All posts by Darris Brock

Darris Brock is an ordained minister in the Christian Church. He is a past professor at Johnson University (Johnson Bible College) and is an elder and worship minister at Lighthouse Christian Church.

An Apologetics Christmas Gift

When Lawrence Krauss received a surprise Christmas gift from William Lane Craig, he was initially elated. “I opened the gift,” Krauss said, “to find nothing was in there! You can imagine my surprise that such a contentious debate opponent would send such a thoughtful gift.” The noted physicist was taken aback at the amount of nothing Craig had given him. “How he got so much nothing to fit into a box is beyond me. He must have had help from Santa Claus. Only a professional could have put this much nothing in such a small space”, he said. When questioned as to what made nothing such a great gift, Krauss explained, “It’s the most wonderful gift! After all, nothing can become anything so Dr. Craig gave me everything when he gave me nothing. It is the most appropriate gift a physicist could receive. I just want to say to Dr. Craig, ‘Thanks for nothing.’”

After admiring nothing for a time, Krauss took it around to show his friends and family. “But,” he said, “then I began to think, ‘where am I going to keep nothing’? ‘how should I store nothing?’ ‘how do I care for nothing? ‘what is good for nothing?” These became troubling questions as Krauss pondered the gift more deeply. “Nothing is unstable”, Krauss recalled. “I wrote about it in my book. It can suddenly become something. What if it becomes something in my living room? What then? It would be all right if it became a sofa or hardwood floor, or even that new TV I was admiring at Walmart. But what if it becomes something else? We’ve learned over the past one-hundred years that nothing is much more complicated than we would have imagined otherwise. It’s a boiling, bubbling brew of virtual particles that are popping in and out of existence at every moment. What if it became a horse that defiled my carpet? Oh, Craig would really love that!’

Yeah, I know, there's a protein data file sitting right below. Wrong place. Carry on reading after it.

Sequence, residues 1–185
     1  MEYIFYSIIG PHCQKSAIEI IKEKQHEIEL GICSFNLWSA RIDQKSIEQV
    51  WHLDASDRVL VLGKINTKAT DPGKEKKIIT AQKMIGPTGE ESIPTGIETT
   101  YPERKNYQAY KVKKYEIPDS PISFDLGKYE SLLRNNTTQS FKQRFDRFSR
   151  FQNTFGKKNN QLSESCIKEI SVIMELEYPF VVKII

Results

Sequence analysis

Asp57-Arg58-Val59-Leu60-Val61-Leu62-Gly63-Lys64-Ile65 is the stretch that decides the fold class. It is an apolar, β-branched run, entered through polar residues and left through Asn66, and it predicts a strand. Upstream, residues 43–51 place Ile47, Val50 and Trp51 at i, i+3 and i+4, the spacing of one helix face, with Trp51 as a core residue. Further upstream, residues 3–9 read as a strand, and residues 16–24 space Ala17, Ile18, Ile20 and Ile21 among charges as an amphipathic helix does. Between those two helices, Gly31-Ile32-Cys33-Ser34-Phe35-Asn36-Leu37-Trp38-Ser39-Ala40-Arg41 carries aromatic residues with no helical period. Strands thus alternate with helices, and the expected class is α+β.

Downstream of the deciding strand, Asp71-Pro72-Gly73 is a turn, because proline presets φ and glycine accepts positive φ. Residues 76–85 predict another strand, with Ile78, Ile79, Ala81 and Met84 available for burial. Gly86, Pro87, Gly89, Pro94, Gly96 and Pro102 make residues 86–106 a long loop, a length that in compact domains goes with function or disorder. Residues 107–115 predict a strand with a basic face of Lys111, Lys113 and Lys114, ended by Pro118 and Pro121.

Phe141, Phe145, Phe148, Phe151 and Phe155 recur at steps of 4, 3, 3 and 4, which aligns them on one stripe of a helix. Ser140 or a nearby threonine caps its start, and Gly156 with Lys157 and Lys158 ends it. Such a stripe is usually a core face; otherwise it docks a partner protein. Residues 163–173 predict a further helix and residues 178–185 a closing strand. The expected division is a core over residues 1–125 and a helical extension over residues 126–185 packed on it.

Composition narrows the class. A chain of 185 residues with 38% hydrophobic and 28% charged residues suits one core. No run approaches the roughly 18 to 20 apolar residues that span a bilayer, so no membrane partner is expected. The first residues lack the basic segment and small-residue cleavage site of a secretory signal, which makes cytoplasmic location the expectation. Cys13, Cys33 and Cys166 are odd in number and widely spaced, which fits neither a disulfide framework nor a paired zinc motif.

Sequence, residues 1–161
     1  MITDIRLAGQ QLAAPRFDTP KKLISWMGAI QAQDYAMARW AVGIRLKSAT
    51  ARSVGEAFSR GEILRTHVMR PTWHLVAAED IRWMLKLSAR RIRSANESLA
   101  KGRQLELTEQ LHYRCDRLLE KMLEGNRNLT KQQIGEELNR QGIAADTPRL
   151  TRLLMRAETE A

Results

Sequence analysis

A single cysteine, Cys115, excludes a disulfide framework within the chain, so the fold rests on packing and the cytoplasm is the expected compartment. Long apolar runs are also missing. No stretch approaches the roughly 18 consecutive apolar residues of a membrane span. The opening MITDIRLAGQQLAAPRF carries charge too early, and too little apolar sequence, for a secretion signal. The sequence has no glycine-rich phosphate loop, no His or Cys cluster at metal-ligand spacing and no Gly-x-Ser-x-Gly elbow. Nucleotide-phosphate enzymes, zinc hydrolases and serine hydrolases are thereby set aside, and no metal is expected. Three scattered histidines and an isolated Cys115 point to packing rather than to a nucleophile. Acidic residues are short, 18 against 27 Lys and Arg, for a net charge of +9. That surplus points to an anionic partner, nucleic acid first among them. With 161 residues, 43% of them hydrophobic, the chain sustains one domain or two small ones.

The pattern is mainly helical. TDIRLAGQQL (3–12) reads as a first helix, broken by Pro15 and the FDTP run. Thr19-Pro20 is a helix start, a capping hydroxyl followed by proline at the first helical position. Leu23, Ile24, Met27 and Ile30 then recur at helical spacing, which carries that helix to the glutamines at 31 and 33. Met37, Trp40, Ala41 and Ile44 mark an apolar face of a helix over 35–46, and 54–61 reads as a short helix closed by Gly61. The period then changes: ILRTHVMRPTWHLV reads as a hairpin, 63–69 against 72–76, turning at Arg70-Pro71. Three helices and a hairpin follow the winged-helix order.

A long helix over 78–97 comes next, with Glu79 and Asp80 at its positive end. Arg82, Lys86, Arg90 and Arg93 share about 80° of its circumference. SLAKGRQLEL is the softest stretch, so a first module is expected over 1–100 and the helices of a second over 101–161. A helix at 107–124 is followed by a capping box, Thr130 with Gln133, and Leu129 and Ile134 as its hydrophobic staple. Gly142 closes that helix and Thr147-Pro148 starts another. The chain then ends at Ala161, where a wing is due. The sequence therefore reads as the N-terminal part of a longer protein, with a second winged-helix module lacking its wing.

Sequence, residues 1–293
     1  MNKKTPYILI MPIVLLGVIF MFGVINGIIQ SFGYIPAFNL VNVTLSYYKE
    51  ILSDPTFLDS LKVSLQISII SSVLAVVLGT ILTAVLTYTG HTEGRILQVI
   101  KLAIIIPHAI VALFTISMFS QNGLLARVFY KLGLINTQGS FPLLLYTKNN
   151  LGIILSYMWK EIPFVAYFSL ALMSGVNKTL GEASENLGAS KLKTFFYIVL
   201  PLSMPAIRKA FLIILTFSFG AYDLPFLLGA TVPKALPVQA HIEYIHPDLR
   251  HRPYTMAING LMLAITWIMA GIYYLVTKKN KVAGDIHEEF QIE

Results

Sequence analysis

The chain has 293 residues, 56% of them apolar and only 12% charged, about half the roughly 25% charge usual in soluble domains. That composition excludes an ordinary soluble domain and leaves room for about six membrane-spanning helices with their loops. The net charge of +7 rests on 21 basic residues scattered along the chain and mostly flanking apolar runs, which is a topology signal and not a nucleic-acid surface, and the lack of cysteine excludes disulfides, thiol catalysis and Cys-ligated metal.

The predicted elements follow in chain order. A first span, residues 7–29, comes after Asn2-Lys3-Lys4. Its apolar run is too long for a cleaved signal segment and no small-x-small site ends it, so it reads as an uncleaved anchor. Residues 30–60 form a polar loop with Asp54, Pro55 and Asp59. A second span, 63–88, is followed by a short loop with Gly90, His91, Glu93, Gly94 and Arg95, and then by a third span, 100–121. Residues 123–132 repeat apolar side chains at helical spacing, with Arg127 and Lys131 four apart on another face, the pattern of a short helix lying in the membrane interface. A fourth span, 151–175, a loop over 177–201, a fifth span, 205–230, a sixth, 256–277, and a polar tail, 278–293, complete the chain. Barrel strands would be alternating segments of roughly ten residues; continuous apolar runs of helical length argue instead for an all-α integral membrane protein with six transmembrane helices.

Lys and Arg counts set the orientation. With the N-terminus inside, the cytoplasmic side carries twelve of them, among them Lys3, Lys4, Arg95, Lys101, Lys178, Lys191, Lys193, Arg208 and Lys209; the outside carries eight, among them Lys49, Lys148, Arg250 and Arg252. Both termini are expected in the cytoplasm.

Krauss began to get creative in his thinking about nothing. “I began to wonder if I could seed nothing so that it would turn into something that I wanted. So I put six peanut M&Ms into the box. Nothing happened, I thought. But then one of the children picked up my box and said, ‘Look! There’s something in there! It’s candy.’ When I looked again, there was no longer nothing in my box, there were six peanut M&Ms. It was a pretty amazing moment.”

After reflecting on the gift of nothing, Krauss became more cynical. “I’ll bet this is Craig’s way of trying to destroy me. It’s like a white elephant gift. He probably thought a wormhole would open up and swallow me. He’s crafty, you have to give him that. But I thwarted his diabolical plan with six peanut M&Ms.”